Joseph Argenzio, Jr.: A Boy at D-Day

Aaron Tobey: The College Student Charged with Disorderly Conduct for Displaying the Words of the United States Constitution

Sunday, August 9, 2015

Landmark case shines light on real campus rape 'epidemic': equating regret with rape

A landmark judicial decision was handed last week that will have important implications for college men wrongly accused of sexual assault. In Doe v. Washington & Lee Univ., 2015 U.S. Dist. LEXIS 102426 (W.D. Va. 2015), a federal judge appointed by Democratic President Bill Clinton ruled that when a college promotes the idea that a woman's post-intercourse regret is tantamount to rape, it manufactures a climate of gender discrimination against male students that can "railroad" (the court's word, not mine) the innocent who are wrongly accused of sex offenses. Read the decision here--and I summarize it in the next section below. The Doe v. W&L decision is among the most important events for wrongly accused college men in a long time because it shines a light on the root cause of the so-called campus rape "epidemic"--something this blog has called the "regret asymmetry" that separates the sexes. Women, more than men, regret casual sex, and it is these unsatisfying sexual unions caused by regret--not rape--that is the real sex problem on campus. Read about it here.

What is chilling is the allegation in the case by the accused male student that a college administrator openly promotes the idea that regret is tantamount to rape--an idea that is absurd, unjust, and hateful all at the same time. Sadly, this thinking appears to be gaining ground among college women (see below), and it needs to be stopped. It is time for a national conversation about the single most important issue when it comes to campus sexual assault, the "regret asymmetry" that separates young men and women.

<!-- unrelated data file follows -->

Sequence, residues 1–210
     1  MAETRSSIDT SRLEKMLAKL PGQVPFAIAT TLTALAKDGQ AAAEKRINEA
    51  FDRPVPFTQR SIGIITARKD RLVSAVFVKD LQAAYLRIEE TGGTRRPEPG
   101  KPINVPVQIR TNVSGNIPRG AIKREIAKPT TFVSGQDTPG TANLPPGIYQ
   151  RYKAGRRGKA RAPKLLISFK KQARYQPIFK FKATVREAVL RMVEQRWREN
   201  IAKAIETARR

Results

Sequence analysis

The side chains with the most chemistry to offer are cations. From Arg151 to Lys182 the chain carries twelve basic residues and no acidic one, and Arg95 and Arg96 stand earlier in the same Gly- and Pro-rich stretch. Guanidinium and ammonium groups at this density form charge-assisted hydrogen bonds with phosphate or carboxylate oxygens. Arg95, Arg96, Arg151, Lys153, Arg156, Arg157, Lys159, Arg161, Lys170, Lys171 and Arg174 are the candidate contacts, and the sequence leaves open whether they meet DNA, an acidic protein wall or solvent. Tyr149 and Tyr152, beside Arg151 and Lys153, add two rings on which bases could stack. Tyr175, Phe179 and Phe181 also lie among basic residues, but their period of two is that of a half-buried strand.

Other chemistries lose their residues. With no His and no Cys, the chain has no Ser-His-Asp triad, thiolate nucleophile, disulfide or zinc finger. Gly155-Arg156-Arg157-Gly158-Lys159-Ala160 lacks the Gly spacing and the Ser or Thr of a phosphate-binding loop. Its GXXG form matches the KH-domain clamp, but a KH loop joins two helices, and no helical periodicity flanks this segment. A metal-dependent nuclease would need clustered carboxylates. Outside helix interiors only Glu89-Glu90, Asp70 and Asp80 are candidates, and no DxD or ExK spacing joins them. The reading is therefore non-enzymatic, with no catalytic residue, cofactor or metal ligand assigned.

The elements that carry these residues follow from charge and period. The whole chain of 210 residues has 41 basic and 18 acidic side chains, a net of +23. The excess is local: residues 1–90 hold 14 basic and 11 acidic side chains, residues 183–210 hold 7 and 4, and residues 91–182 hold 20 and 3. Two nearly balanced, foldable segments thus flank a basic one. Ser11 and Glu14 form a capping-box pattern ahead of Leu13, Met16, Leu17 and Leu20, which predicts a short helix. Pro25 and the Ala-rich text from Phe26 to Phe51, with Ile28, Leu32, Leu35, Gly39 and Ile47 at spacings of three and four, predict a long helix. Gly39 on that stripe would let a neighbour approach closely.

Doe v. W&L

In the Doe v. W&L case, a W&L student, pseudonymously called “John Doe,” sued W&L for, inter alia, violating Title IX (which forbids gender discrimination in colleges) in connection with his expulsion for alleged nonconsensual sexual intercourse with a W&L female student, pseudonymously called “Jane Doe.” W&L filed a motion to dismiss, which the court granted in part and denied in part. All of the facts in the case are taken from Doe's complaint--whether they are accurate will need to be proven at trial. Doe’s complaint averred that John and Jane met at a party then proceeded back to his room where Jane initiated sexual intimacy, and the two proceeded to have consensual sex. The next morning, he drove her home, and they exchanged phone numbers. Jane later told a friend she "had a good time.” Thereafter, John and Jane became Facebook “friends,” and John texted her, “. . . I felt like we had a pretty good connection,” and she responded, "haha I thought we did as well.”